I received an email today from an internet company that promised to “help teachers bring the power of the Internet to the classroom without the distractions that come with it.”
It is apparently a hyper-local filtering system that allows teachers to control what sites students can go to inside a class, which at first blush, probably sounds really appealing to a lot of people. All the bonuses of the internet with no ability to have kids get distracted by the rest of the internet. But what a reductive version of the internet, what a reductive vision of learning, and worst of all, what a reductive version of our students. From the email:
..if a teacher at your school wanted their students to only be allowed to go to Khan Academy during that class period, they could make that setting for all of the students in their class in two clicks. Now the only website their students can use is Khan Academy, and they don’t have to worry about their students going to inappropriate or time-wasting sites.
There’s no question that when you have the internet in your classroom, there is always a concern that students will be off-task. But that’s not because they are students. It’s because they are people. I admit it – I got more productive when the School District of Philadelphia started blocking Facebook. But I go home at the end of the day, and learning how to be productive on my home network where Facebook can be open at any time (and usually is) was important to my being a successful principal.
The same is true for the kids. Part of learning how to be a fully realized citizen in today’s world is learning how to be productive when the ability to be unproductive is, perhaps, more powerful than ever. (Although, judging by the box of high school notes passed to me that I found in my mom’s basement a while back, it’s always been pretty easy to be unproductive in a classroom. We should remember that too.)
But that’s not the half of it.
Behind the theory that this company is selling is the idea that the teacher can still know everything that the students will need to learn. The time has come for that idea to die. When we lock down the internet, we send a powerful message to students that their ideas, their creativity, their interests have no place in our classrooms. That’s the wrong message to send.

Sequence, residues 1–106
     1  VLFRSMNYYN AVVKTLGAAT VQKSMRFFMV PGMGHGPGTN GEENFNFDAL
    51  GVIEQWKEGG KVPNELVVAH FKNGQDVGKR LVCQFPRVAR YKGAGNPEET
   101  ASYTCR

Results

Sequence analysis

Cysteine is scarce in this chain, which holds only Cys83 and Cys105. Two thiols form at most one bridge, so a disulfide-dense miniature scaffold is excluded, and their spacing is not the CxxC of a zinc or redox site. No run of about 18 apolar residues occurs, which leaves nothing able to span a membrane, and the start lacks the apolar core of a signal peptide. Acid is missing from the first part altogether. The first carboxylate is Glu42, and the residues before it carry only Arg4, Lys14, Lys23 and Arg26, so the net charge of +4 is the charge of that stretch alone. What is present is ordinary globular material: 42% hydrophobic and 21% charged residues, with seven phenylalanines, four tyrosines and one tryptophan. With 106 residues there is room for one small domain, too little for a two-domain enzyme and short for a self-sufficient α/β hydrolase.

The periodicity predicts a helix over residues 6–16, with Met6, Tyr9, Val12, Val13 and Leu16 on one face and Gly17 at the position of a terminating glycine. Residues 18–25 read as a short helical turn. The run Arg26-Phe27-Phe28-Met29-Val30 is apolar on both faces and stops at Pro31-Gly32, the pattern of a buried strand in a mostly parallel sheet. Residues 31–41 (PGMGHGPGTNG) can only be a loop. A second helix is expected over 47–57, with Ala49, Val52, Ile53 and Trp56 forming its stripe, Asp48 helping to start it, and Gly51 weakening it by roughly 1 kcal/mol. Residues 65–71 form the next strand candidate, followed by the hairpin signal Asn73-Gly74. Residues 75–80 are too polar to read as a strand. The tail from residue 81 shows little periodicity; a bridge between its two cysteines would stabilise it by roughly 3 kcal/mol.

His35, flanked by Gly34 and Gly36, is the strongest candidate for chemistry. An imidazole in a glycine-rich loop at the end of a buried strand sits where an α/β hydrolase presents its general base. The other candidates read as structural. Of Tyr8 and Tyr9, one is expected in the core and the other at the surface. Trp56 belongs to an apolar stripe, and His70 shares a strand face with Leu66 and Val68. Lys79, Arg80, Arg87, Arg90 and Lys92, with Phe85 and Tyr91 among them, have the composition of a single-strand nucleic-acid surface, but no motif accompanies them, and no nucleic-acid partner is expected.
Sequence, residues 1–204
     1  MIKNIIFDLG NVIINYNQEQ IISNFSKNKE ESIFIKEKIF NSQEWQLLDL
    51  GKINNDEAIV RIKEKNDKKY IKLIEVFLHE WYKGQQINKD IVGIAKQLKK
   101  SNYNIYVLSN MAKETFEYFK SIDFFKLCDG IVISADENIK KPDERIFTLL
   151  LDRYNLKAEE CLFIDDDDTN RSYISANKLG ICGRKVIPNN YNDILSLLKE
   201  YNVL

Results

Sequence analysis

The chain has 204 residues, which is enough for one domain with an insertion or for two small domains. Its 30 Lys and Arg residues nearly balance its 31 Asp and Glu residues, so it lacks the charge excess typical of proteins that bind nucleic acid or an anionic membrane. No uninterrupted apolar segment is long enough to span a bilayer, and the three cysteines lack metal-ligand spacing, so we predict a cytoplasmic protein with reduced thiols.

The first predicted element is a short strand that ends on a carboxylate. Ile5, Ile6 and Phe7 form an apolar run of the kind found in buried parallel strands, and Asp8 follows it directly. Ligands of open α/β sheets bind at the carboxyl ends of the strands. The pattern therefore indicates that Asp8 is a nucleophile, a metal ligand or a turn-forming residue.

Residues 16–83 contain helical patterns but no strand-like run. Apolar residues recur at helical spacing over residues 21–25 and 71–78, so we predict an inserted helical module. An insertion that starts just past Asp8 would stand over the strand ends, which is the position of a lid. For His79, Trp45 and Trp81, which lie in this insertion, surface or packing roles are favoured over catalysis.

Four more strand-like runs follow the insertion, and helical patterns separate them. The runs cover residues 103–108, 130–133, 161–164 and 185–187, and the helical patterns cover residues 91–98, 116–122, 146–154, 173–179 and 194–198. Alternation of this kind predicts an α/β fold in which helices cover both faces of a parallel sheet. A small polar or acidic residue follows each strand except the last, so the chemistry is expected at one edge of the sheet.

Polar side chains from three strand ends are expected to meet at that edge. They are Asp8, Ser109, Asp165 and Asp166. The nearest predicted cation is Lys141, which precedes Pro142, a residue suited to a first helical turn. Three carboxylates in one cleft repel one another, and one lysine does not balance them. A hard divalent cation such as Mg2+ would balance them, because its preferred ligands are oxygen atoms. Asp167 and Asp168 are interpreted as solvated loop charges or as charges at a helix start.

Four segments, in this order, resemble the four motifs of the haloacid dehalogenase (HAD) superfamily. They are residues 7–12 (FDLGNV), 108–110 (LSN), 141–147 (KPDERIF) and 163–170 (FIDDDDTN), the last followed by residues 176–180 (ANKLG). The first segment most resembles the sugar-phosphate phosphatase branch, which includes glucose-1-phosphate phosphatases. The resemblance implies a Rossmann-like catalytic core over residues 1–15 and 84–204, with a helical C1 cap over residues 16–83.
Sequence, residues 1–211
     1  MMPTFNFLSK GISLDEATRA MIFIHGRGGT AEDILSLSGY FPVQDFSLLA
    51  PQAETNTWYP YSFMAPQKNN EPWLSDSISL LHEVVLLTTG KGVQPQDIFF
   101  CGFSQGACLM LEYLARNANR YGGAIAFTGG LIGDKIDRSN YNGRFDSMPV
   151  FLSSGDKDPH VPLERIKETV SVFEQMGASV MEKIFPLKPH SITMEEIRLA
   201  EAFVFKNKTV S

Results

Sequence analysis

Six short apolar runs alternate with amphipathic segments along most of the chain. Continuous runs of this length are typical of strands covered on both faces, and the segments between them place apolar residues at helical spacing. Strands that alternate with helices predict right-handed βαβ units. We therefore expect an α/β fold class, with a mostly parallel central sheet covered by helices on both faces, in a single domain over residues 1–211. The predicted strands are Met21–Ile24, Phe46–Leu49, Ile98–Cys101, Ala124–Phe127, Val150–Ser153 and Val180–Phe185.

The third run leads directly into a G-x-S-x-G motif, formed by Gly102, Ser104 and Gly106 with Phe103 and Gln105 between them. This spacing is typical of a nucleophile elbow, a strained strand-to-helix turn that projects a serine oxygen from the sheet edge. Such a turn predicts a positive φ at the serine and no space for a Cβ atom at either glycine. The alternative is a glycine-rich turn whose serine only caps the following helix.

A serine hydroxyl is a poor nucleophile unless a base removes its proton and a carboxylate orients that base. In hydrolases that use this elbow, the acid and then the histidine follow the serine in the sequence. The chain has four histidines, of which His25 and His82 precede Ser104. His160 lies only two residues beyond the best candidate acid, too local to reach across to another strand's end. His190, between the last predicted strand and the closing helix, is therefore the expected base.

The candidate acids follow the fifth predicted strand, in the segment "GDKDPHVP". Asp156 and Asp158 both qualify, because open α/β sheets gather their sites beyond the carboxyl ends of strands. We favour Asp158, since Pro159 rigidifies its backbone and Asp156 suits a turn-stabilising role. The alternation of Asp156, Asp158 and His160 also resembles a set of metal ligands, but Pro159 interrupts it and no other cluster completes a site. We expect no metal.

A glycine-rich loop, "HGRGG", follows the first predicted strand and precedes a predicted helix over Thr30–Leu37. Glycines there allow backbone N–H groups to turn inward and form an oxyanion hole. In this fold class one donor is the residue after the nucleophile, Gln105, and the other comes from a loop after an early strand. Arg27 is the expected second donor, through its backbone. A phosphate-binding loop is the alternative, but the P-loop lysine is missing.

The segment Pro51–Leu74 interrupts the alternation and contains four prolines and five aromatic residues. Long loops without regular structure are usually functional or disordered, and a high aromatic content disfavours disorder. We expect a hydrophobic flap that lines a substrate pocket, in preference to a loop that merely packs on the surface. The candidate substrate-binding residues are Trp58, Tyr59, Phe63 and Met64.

It can be frustrating to have to manage all the distractions the internet can bring. It can be scary to realize that our role as teacher is not to be the arbiter of all information anymore – that our students may come to find information and ideas that do not neatly fit into the developmental lesson plan, but that’s where we need to go as educators. Honestly, it’s where we’ve always needed to be, but now the tools make it that much easier to do so.
I understand the impulse to try to create software that can limit our classrooms to four walls, floor and the tiniest of windows that the internet will allow. I get that there is a level of safety in the control that comes with being able to deeply restrict where our students can do, what they can read, what they will do. But educators have to fight that impulse, and work with students to help them to learn how to be productive digital citizens, which is, of course, part of being a citizen these days.
And we have to embrace the idea that if we thoughtfully teach, if we help kids to discover the power of their own ideas within whatever class they happen to be in, if we help them to discover the beauty and meaning and relevance of the ideas and concepts we introduce, then we have no reason to ever lock away 99% of the internet in our classroom. In fact, we have everything to gain.
cross-posted at practicaltheory.org/blog.
Chris Lehmann is the founding principal of the Science Leadership Academy, a progressive science and technology high school in Philadelphia, PA. that was recognized by Ladies Home Journal as one of the Ten Most Amazing Schools in the US and was recognized as an Apple Distinguished School in 2009 and 2010. Chris was a 2014 winner of the Harold W. McGraw Jr. Prize in Education and has been honored by the White House as a Champion of Change for his work in education reform. In June 2010, Chris was named as one of the “30 Most Influential People in EdTech” by Technology & Learning Magazine. Read more at his blog, http://practicaltheory.org/blog.